GoldenEar Triton Two speakers

Turkey Overdose Recovery Music: Speakers Matter

About a month ago, a pair of enormous shipping crates arrived at the New York apartment. Mrs. Synaphaï nearly freaked out.

The mini-coffin-sized containers contained a pair of back-ordered GoldenEar Triton Two speakers which were replacing a 15-year-old pair of Thiel CS5s.

Critics went ga-ga over the speakers early in the year, which piqued my curiosity (and caused a shortage). When no less a “golden ear” producer and listener than David Chesky raved to me about the speakers after a concert at Carnegie Hall a few months ago, I knew I had to give them a listen. Buying decent speakers is always a crap-shoot: they’ll inevitably sound different than they do in the showroom. I must have listened to about 20 models before I settled on the Tritons, and in the showroom I had to agree with more than a few critics who felt that these $2500-a-pair full-rangers matched and surpassed the performance of top-rated speakers priced five to ten times higher.

GoldenEar Triton Two speakersOnce the heavily-padded shipping crates were opened and speakers removed, Mrs. Synaphai was surprised (read: relieved and thrilled) that they had a smaller footprint than the Thiels, are a hair taller, and made a better fit for the decor of our cramped New York digs.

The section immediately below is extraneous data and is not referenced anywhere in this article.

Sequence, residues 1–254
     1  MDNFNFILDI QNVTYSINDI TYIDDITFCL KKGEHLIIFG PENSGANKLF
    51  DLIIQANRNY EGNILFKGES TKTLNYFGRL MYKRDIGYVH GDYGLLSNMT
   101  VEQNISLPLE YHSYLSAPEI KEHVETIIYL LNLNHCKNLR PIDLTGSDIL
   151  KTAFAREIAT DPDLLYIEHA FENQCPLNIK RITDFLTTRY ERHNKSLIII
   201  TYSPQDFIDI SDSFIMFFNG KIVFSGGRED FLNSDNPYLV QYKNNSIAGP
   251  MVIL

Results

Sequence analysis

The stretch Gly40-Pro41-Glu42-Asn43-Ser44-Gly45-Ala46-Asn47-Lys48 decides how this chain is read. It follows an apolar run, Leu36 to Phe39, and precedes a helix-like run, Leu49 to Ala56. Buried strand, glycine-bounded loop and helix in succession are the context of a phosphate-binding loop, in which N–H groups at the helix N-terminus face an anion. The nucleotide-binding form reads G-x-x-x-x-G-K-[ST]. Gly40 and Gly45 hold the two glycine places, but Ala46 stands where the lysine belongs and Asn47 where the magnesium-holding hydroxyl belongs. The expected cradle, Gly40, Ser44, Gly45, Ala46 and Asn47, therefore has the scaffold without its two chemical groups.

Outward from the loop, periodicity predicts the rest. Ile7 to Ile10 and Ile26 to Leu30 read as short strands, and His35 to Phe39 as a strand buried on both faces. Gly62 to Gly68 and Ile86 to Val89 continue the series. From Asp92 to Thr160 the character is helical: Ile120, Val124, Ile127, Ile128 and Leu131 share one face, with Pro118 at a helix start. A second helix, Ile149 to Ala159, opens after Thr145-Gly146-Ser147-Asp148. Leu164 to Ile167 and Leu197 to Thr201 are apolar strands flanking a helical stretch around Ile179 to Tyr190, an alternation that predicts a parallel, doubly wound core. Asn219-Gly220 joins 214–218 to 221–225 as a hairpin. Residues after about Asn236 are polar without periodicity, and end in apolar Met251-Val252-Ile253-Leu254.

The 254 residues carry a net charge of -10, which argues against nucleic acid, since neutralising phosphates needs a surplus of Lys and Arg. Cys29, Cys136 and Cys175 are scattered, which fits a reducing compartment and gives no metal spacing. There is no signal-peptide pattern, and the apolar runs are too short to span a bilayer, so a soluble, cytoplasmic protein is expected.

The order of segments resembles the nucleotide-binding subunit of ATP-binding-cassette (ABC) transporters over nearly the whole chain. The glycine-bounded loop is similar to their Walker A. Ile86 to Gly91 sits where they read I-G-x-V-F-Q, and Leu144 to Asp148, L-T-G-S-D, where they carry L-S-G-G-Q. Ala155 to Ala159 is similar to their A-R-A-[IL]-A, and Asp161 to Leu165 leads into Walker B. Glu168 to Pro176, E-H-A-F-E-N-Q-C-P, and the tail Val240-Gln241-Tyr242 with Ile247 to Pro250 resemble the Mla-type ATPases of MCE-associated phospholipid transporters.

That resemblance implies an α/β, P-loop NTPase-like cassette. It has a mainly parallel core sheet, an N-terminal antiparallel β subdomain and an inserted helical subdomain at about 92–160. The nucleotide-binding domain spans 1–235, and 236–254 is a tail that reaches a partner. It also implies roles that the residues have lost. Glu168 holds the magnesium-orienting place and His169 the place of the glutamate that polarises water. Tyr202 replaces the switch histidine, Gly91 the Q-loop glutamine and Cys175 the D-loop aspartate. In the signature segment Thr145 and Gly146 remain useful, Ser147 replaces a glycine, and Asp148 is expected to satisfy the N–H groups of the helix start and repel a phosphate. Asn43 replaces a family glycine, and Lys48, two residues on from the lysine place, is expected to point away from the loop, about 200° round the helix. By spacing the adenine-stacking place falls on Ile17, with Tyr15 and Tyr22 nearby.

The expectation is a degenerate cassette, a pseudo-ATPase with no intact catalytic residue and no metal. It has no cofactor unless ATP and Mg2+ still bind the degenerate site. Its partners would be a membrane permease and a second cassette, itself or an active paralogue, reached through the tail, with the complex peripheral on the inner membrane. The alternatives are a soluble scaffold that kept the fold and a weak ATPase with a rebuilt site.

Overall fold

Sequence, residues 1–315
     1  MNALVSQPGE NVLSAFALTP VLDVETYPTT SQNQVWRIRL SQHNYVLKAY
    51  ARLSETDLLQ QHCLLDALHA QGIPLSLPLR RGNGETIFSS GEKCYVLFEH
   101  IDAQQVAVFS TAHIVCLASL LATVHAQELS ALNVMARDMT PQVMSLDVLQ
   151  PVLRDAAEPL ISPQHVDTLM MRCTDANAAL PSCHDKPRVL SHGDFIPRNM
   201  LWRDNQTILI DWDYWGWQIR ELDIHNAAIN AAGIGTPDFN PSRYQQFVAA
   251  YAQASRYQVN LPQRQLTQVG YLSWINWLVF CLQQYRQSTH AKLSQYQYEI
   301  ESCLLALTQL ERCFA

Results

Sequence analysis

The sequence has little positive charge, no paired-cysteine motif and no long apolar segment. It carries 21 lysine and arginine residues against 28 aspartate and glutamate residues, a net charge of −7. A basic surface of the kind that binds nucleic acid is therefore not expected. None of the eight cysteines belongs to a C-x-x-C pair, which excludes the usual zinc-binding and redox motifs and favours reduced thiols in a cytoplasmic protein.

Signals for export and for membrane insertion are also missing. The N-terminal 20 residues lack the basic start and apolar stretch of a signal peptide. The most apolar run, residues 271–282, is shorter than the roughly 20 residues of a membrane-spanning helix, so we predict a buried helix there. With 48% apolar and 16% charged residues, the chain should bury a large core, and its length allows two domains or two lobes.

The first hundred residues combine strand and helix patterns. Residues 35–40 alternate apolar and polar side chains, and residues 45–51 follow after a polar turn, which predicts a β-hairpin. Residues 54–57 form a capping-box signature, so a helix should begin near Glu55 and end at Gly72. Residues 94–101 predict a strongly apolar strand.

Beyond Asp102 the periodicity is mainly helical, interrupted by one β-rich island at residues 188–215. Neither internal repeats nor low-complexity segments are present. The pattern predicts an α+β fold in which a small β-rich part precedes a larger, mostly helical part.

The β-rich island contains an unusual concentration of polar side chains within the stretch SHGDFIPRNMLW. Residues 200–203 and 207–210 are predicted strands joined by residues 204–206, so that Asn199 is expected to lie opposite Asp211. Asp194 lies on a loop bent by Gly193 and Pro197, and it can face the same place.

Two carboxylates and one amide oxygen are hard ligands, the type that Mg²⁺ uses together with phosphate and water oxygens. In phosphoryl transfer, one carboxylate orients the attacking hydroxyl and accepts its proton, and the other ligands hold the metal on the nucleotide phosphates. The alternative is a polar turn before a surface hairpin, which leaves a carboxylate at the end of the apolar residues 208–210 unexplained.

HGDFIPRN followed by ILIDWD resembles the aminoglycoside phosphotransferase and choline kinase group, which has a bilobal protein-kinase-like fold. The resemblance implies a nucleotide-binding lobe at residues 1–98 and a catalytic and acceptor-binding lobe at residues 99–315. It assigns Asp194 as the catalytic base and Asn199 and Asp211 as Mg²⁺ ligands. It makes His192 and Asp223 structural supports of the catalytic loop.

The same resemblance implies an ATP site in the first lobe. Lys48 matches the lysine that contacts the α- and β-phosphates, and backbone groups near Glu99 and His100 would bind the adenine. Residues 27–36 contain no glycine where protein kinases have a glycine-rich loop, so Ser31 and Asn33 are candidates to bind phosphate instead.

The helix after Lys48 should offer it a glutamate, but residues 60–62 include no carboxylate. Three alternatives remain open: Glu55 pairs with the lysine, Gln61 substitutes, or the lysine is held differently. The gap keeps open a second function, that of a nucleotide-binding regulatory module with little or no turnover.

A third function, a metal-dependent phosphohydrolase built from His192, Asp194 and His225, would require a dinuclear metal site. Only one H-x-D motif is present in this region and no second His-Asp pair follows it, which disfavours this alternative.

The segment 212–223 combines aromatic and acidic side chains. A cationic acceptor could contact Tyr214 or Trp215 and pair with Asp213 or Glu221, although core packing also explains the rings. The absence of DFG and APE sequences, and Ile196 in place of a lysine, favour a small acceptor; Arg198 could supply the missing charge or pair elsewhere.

After a few days of break-in, I started playing with placement, but was astounded at the clarity, neutrality, effortlessness at the top of the dynamic range, and dead-bang imaging even in the “worst” positions in our apartment’s main room.

The speakers have had more than enough break-in time, and I decided to satiate my turkey hangover by firing up a recently-released CD – featuring the late, woefully underrated Sir Charles Mackerras conducting Tchaikovsky’s Symphony No. 6 “Pathétique” with the Philharmonia Orchestra on Signum, recorded live at the Southbank Centre in February 2009 with a minimalist mic setup by the team of Misha Donat and Jonathan Stokes – at something resembling realistic volume level.

Mackerras gets the kind of passionate playing out of the Philharmonia one might expect from a certain Venezuean maestro who has just turned 30 – but with the kind of dramatic satisfaction that only comes with absolutely mastery of the symphony’s formal and structural challenges.

The uninterrupted playthrough of the Tchaikovsky was the first chance I had to give them an uninterrupted audition, and I’m certain that I made the right choice: the GoldenEar Triton Twos deliver authoritative five-figure performance at a fraction of the price. I’m buying the accompanying surround speakers early in 2012.

If music is an important part of your life – whether or not you’re an industry pro – you should at least give the GoldenEar Triton Twos a listen. And if you can’t shell out $2500, spoil yourself and order up the Mackerras Pathétique. That’s a luxury you can afford.

Signum SIGCD253Tchaikovsky: Symphony No. 6 in b minor “Pathétique”, Op. 74
Sir Charles Mackerras / Philharmonia Orchestra

Signum SIGCD-253 — Find a retailer

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